Can you describe how technically demanding the game is in a competitive setting?
I would say that the game is quite technically demanding at the competitive level but teamwork is also important to succeed.
How intense was the preparation process for your team leading up to this international tournament?
To be honest, the preparation process was very relaxed and not very intensive at all, we wanted everyone as a team to have the correct mindset going forward into the tournament so we reduced the intensity of preparation to reduce stress and anxiousness. We didn’t find enough teams to scrim (Author’s note: definition: practice games) and there were very few information on our opponents so our situation was not optimal. Nonetheless, our team worked very hard to get to where we were and we tried our best.
What were the most challenging moments for your team in the ICC?
The most challenging moments were definitely the different styles coming from Jimei University (China) and Chunnam Techno University (Korea) where the Chinese University played a very aggressive style compared to a more methodical style from the Korean University. As scrims records were going quite well for us, it was definitely hard playing from behind and the mechanical (Author’s note: Definition: skill) difference between Oceania compared to China and Korean showed in our games against both Korea and China. Looking back at the tournament, it also hurt us not having a coach as it would have been easier spotting our mistakes and fixing them, and also our drafts weren’t in our favour.
Describe the feeling of winning the Oceania College tournament.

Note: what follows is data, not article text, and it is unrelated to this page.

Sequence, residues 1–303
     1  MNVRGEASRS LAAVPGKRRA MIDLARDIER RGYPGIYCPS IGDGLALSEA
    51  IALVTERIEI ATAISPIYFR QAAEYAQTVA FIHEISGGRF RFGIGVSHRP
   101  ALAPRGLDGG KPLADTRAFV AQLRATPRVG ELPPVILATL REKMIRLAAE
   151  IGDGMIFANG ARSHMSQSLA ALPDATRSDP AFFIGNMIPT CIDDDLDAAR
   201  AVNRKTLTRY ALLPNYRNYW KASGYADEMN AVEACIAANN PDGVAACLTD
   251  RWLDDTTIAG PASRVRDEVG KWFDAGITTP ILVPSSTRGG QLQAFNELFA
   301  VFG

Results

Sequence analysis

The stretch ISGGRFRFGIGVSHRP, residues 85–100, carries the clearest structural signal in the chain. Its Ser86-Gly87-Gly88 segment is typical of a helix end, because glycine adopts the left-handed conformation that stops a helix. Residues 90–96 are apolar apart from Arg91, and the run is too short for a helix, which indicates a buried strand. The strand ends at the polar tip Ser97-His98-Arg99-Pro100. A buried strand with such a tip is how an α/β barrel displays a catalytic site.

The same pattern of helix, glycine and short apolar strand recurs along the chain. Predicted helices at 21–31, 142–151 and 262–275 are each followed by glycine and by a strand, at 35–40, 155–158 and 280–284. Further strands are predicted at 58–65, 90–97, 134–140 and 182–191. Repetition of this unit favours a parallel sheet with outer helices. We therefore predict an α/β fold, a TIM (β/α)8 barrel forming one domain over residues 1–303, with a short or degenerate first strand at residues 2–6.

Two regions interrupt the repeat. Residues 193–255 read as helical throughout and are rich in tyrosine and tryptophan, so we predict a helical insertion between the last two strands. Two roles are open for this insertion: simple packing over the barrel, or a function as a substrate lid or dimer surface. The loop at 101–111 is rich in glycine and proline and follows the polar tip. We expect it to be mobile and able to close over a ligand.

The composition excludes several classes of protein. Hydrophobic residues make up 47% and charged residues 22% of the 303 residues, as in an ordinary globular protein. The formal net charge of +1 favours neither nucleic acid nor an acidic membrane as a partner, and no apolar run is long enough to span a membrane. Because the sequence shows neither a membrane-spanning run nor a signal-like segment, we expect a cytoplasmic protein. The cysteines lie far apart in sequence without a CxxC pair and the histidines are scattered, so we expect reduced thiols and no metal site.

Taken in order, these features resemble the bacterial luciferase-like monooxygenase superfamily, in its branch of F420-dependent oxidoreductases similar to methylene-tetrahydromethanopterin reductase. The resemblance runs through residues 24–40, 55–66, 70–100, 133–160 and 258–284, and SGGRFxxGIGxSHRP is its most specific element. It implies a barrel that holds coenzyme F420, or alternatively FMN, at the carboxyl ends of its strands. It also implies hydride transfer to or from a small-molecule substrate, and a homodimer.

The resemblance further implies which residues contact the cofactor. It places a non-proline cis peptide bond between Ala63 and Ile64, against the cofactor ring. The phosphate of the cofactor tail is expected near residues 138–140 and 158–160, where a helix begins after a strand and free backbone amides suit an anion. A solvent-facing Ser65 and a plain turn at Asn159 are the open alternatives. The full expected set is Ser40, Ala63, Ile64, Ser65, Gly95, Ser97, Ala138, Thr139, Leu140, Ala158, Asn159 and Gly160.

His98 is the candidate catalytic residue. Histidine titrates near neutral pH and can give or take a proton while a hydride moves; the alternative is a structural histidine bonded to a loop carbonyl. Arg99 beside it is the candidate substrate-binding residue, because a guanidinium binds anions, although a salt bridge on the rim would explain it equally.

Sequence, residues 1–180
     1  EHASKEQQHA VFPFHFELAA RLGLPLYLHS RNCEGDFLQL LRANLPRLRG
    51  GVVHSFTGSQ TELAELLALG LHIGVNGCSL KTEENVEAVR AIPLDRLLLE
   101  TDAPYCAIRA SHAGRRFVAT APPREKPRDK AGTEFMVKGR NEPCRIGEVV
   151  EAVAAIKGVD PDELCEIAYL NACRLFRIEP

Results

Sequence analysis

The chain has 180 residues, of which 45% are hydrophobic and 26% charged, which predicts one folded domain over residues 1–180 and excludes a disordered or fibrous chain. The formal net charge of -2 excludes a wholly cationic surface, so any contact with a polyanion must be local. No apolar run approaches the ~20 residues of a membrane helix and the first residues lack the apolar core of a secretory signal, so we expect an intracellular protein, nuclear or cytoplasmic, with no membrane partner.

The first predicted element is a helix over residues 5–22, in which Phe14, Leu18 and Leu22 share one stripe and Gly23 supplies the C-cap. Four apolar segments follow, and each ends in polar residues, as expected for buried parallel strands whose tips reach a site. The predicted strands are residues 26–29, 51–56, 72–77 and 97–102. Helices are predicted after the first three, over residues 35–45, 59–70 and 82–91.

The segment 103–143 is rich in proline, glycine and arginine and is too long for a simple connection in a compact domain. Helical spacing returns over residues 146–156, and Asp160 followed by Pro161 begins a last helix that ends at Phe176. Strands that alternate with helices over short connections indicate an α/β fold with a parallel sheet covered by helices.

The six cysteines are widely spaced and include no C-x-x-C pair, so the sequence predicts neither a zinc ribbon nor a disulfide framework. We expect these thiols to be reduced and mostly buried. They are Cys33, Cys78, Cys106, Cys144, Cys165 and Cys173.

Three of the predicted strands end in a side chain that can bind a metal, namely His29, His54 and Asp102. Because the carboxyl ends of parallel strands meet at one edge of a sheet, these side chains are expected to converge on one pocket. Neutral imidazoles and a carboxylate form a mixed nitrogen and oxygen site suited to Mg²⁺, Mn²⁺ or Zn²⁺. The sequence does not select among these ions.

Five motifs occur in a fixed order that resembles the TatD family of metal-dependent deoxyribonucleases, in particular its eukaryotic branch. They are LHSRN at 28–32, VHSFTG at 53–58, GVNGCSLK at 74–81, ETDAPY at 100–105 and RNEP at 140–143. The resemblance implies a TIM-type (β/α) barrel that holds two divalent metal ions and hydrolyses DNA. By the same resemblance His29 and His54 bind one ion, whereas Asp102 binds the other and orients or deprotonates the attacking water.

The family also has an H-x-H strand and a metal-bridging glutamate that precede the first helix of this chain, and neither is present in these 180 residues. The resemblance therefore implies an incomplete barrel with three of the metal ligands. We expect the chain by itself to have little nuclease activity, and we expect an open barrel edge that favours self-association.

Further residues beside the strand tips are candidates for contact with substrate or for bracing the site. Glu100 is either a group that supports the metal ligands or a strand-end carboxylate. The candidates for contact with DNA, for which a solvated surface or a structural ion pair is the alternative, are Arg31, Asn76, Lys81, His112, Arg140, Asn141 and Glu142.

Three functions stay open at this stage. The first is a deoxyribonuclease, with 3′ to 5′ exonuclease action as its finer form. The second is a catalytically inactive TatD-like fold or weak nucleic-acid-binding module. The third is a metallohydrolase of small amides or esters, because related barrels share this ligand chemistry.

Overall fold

Winning the Oceania College tournament was not really a surprise; our team knew we were better than the rest of Oceania’s universities although it got quite close in the finals. We felt like we were not playing at our best and also had a few nerves from the team as it was their first time playing at LAN, there were some mistakes we made that would not happen 9/10 games in draft (Author’s note: Definition: non-tournament ranked games) and in game.
What is your preferred role within the team and which champions do you like to play?
I play the ADC role so I like playing champions like Lucian, Ezreal or Kai’Sa which have the ability to carry games single-handedly (Author’s note: Definition: being able to win games for your team on solitary contribution).
What are you pursuing when you’re not on the Summoner’s Rift?
I study commerce and law at university, so when I’m not playing League [of Legends], I’m studying. I also enjoy other outdoor activities like running, but most of the time I’m either watching Youtube or streams in my spare time.
Do you think you’d be able to carry me out of Silver?
To sum up, what is most enjoyable to you about League of Legends.
Definitely winning. I’m the type of guy who hates losing and winning is everything to me. I love being competitive in everything I do, that’s just who I am.